Gardner-Webb Research Experience Provides Opportunity to Explore Majors

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Nathan Lile (’16) has Experienced Academic and Personal Growth

He glides through the water with both grace and power. Each movement is calculated to precision. He stretches the capacity of his physical strength—hoping to shave seconds off his competiton time. Much like the work he does as a computer science, philosophy and theology major, Nathan Lile (’16) of Waynesville, N.C., understands the importance of sequence, structure, and succession.

The captain of the swim team at Gardner-Webb University, Lile has learned how to tweak elements of his technique for maximum performance, becoming the first GWU men’s swimmer to qualify for the NCAA Division I Swimming & Diving Championships in two events: the 50 Free and 100 Free. He knows the significance of secondary factors; diet, sleep, and strength training can change the outcome of a race. In many ways, his activities in the pool paralleled the results he observed through his experiences coding computer programs as part of his targeted undergraduate research.

“The cool thing about programming is that a lot of it is optimizing,” Lile explained. “As far as I’m concerned, that falls into debugging. There are always going to be some ways I can optimize the program, some things I can change, and different ways I can code the data. It’s not always perfect, that’s for sure.”

As an undergraduate research scholar, Lile wanted to investigate aspects of computerized artificial intelligence, a branch of computer science dealing with the simulation of intelligent behavior in computers.

He appreciated the opportunity to evaluate which areas of his major he is most interested in pursuing after graduation—computer science or philosophy, or perhaps even a unique combination of the two. “I loved the idea of having five weeks to devote completely to this topic and do more programming than I’ve ever done,” he shared, “and learn something completely new, something people do their master thesis on. The experience did help me figure out what direction I might want to go after college. Artificial intelligence goes well with cognitive science, and that blends well with both philosophy and computer science, so it really showed me what I enjoyed and where I should focus.”

While Lile could have chosen to attend another university, he was drawn to Gardner-Webb because of the welcoming atmosphere. “I was trying to decide between several different schools,” he recalled. “As I was agonizing over the decision, I came to the realization that I had been most at home when I visited Gardner-Webb. I felt like I belonged, before I had committed to the school. No other school had the hospitable, Christian atmosphere that I experienced here. Gardner-Webb was a community that treated me as a valuable person.”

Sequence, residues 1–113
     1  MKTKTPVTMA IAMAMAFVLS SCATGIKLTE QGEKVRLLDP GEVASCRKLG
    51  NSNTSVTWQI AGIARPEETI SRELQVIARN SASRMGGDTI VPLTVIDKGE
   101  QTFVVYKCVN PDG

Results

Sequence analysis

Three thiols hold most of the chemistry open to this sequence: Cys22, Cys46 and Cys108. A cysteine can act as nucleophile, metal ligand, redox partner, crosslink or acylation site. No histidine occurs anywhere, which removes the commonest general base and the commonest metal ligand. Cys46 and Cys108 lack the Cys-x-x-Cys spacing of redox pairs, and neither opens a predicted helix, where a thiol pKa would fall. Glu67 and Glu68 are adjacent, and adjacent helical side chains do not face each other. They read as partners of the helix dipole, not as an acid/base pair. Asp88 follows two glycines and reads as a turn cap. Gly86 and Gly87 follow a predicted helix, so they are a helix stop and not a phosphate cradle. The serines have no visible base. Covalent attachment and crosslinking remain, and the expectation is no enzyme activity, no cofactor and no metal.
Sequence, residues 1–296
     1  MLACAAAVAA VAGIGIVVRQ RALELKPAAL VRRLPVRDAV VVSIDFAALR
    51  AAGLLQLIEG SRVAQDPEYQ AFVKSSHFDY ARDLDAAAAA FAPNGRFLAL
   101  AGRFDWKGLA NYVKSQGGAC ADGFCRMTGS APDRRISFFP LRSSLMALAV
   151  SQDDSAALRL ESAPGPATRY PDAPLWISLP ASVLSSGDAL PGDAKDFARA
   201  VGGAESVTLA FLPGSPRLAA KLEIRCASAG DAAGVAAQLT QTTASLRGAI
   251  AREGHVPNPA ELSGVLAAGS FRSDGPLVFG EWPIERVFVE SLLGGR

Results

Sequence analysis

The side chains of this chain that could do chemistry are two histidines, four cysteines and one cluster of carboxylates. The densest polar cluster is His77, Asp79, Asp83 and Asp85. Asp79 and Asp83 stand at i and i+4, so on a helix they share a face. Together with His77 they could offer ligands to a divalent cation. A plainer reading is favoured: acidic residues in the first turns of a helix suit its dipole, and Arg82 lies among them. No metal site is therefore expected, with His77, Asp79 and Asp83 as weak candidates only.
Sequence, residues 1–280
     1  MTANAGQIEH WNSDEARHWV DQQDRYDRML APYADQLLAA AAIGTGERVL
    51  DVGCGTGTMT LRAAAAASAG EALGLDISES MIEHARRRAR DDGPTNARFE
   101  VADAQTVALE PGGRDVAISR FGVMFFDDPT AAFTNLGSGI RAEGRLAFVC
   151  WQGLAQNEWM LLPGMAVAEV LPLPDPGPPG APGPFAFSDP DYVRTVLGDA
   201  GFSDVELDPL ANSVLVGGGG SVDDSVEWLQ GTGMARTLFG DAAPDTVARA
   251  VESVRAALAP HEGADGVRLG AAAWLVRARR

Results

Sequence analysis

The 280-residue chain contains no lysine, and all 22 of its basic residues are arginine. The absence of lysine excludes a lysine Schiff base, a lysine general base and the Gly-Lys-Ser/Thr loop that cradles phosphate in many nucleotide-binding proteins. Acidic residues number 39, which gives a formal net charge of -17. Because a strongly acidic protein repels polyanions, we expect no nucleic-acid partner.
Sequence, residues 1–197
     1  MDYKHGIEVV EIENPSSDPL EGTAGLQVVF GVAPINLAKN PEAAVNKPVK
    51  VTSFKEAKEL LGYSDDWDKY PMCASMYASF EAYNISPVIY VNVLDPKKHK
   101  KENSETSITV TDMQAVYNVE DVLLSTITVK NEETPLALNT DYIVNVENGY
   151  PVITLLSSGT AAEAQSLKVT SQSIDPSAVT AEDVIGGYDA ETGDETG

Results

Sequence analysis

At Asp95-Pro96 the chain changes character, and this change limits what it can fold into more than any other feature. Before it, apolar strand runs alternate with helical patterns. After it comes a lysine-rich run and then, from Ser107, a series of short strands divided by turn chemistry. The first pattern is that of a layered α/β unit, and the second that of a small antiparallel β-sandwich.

He also found that the University’s size equals greater options for students. “Gardner-Webb is a school where if you’re willing to take the initiative, you can do pretty much anything you want,” he assessed. “The opportunities I have been given I could have never gotten anywhere else. When I need help in class, I can meet one-on-one with my professor. When I have to travel for swim meets, my professors are understanding. I was given the chance to pursue summer research, as well as participate in meaningful roles in the clubs and organizations that interest me.”

He is treasurer of the Alpha Chi National Honors Society, and he was co-team leader for the Alpha Chi Collaborative Research Project. He serves on the Student Athletic Advisory Community and is a member of Sigma Zeta Honors Society and TAK Honors Society. For two years, he has been a team captain for Relay for Life, an event that raises money for cancer research.

For Lile, education means more than job preparation. He chose majors that would develop his interpersonal skills with a nod to his pragmatic side. “Computer science and philosophy are both challenging majors that encourage critical thinking, problem solving, creativity, originality, synthesis, and logic,” he asserted. “My decision to study computer science was also a practical decision. A computer science degree can open up solid career options. However, I think education’s focus should be developing better people who can contribute to a better community. That being said, I am absolutely confident that the things I’ve learned at Gardner-Webb can translate into a successful career or transition seamlessly into a graduate school.”

Lile’s advice to someone considering Gardner-Webb? “Make sure you set up a meeting with a professor in the discipline you are interested in studying,” he offered. “I think meeting the professors who will be teaching you is a huge advantage that Gardner-Webb can provide. And, unlike larger schools, when you come back to school, they will remember you and will be the people teaching you every day.”